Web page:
Harris County, Houston officially acquire Woodridge Village for Kingwood flood mitigation project

Harris County and the city of Houston have purchased the 268-acre Woodridge Village property, which has been accused of flooding Kingwood neighborhoods twice in 2019. (Courtesy Bob Rehak at reduceflooding.com)
Harris County and the city of Houston have purchased the 268-acre Woodridge Village property, which has been accused of flooding Kingwood neighborhoods twice in 2019. (Courtesy Bob Rehak at reduceflooding.com)

Harris County and the city of Houston have purchased the 268-acre Woodridge Village property, which has been accused of flooding Kingwood neighborhoods twice in 2019. (Courtesy Bob Rehak at reduceflooding.com)

Editor's note: This story was updated with Figure Four Partners declining to comment as well as clarification on the interlocal agreement between the city of Houston and Harris County.

Following more than a year of negotiations, the city of Houston and Harris County officially sealed the deal on acquiring the in-progress Woodridge Village development, which the entities hope to transform into a regional stormwater detention facility.

The property, which is located north of Kingwood in Montgomery County, was intended to be a residential community from Figure Four Partners, a subsidiary of Perry Homes. The roughly 268-acre development was accused of causing flooding in Kingwood neighborhoods twice in 2019.

Harris County Flood Control District announced the $14 million land purchase from Figure Four Partners in a news release March 4. The entities closed on the property March 4, according to flood control district officials.

Houston Mayor Pro Tem Dave Martin, who represents District E in Kingwood, said in a statement from the release that he was thrilled to see the city and county combine efforts toward the flood mitigation project.

“This purchase is integral for investment in the future of the Kingwood area as well as many homes along the county line," Martin's statement read. "Collaboration like this is essential in providing a sense of security to many residents who have endured so much uncertainty these last few years."


Harris County Precinct 4 Commissioner Jack Cagle also provided a comment in the news release.

“This is a great example of government doing what government is supposed to do—listening to the people who live in those neighborhoods and working to protect them from future flooding, and I appreciate the added benefit of getting the City of Houston to adopt stricter regulations closer in line with those of Harris County,” Cagle stated in the new release.

Most recently, Harris County and the city of Houston had approved an interlocal agreement in December to buy Woodridge Village. Negotiations on the interlocal agreement had been ongoing for months, as some Harris County commissioners were requesting that the city of Houston match all of the county's standards for developing in flood plains before an agreement was reached. The city reportedly agreed to the development criteria of the interlocal agreement, according to flood control district officials.

Now with the purchase secured, officials will turn their attention toward making the property a regional detention facility. About 73 acres of the 268-acre property will be used purely by the city of Houston for its new wastewater treatment plant.

This is why the city paid about $3.8 million for 73 acres of the property versus the county contributing roughly $10 million from its 2018 bond referendum toward the total land cost. The city had also agreed to reimburse the county for half the county's contribution—about $5 million—by way of giving land assets to the county, Community Impact Newspaper reported.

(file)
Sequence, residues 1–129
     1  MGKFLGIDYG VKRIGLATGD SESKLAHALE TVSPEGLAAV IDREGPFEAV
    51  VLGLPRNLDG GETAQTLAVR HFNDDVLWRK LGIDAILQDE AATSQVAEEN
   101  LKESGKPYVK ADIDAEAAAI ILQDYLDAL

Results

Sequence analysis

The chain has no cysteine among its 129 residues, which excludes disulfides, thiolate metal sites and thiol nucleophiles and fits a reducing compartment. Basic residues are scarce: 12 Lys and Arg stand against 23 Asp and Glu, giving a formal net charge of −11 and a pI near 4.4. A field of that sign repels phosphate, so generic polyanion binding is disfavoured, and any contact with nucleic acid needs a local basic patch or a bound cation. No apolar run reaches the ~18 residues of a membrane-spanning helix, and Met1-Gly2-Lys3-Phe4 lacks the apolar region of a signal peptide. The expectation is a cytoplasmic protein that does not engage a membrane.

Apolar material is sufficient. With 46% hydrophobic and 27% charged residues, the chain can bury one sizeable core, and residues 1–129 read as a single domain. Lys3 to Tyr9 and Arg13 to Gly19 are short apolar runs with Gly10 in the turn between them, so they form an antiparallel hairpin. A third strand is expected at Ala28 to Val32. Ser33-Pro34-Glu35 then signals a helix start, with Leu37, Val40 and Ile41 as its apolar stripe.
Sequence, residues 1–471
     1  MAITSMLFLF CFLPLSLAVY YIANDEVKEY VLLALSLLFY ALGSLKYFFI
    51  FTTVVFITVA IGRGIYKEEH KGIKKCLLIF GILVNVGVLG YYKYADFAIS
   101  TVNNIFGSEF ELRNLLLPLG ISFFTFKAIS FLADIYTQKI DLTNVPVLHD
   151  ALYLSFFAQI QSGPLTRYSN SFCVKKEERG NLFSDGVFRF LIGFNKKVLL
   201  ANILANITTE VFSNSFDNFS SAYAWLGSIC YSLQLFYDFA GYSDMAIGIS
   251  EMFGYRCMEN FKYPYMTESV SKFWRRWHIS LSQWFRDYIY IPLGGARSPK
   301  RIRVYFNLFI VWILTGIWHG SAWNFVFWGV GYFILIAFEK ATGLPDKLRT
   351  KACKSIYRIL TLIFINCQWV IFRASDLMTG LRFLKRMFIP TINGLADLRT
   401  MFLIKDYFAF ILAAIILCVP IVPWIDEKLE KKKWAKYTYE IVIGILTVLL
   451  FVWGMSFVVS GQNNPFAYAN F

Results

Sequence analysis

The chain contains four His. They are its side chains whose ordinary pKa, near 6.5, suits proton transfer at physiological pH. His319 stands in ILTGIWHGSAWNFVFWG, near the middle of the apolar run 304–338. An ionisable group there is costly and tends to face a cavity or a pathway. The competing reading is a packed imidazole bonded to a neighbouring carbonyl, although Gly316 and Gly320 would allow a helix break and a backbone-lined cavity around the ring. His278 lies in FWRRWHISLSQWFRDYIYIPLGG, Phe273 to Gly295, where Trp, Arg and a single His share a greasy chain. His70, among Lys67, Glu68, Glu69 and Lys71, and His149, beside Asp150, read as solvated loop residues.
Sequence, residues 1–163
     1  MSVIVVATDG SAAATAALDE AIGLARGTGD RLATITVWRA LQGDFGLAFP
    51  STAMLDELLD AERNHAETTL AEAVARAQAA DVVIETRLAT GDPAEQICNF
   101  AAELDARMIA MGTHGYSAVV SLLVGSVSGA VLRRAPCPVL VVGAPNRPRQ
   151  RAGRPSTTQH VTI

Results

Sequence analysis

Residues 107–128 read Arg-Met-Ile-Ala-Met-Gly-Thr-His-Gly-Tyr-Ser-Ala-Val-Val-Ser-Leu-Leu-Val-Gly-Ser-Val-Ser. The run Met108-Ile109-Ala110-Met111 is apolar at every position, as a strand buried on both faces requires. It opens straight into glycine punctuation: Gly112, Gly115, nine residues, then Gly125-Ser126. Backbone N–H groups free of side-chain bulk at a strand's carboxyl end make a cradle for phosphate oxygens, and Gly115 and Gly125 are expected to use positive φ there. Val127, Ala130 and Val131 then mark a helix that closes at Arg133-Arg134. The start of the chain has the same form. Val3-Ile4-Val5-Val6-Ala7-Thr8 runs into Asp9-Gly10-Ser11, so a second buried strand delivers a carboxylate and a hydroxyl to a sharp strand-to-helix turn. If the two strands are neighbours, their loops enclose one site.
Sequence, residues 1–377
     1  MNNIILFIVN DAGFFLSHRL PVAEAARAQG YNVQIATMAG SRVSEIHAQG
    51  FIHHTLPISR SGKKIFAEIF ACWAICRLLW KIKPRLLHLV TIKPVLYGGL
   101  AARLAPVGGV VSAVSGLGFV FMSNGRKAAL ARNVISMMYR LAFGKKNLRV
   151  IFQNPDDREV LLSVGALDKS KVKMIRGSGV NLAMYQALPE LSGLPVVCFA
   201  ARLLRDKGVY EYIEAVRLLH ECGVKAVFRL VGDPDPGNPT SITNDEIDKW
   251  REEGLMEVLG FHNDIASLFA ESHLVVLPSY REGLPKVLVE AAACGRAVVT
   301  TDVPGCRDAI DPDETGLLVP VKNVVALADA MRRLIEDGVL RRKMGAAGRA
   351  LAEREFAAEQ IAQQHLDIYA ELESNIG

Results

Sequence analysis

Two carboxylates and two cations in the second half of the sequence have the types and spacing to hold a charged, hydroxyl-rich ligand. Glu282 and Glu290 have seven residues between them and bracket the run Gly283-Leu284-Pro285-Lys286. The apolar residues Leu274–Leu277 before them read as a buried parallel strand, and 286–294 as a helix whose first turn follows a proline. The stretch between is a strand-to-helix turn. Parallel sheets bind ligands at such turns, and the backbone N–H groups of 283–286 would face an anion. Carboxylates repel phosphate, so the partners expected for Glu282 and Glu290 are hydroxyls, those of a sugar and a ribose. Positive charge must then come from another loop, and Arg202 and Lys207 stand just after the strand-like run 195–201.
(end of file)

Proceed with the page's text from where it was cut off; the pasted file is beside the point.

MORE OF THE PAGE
According to the flood control district's news release, the district will perform an engineering analysis to determine stormwater detention volume, the project's benefit to the community, and project cost and funding. The Kingwood community will be allowed to engage in the project planning, as the district will gather input from residents on the proposed project and present project alternatives, according to the release.

In the past, officials have estimated remediation could cost about $20 million, as at least five detention ponds have reportedly already been cleared by Figure Four Partners. Martin and the Lake Houston Redevelopment Authority board of directors have discussed the LHRA taking out a $30 million bond to help fund the detention area if alternative funding is not made available.

Although the property has been purchased, it will not affect ongoing lawsuits Kingwood residents filed against Figure Four Partners and other connected parties.

Hundreds of homeowners in Elm Grove Village and North Kingwood Forest filed lawsuits against the builders in May 2019, claiming Houston-based PWSA Inc., general contractor Rebel Contractors Inc. and Figure Four Partners caused their homes to flood when they cleared trees and vegetation without building detention. A pretrial order was signed Feb. 26 for this case, according to Harris County District Clerk documents.

Figure Four Partners declined to comment on the land purchase on March 4, according to a representative for the company.

Correction: The original version of this article was inconsistent on the total land area that was purchased. It has been updated for consistency.
By Kelly Schafler

Managing editor, South Houston

Kelly joined Community Impact Newspaper as a reporter in June 2017 after majoring in print journalism and creative writing at the University of Houston. In March 2019, she transitioned to editor for the Lake Houston-Humble-Kingwood edition and began covering the Spring and Klein area as well in August 2020. In June 2021, Kelly was promoted to South Houston managing editor.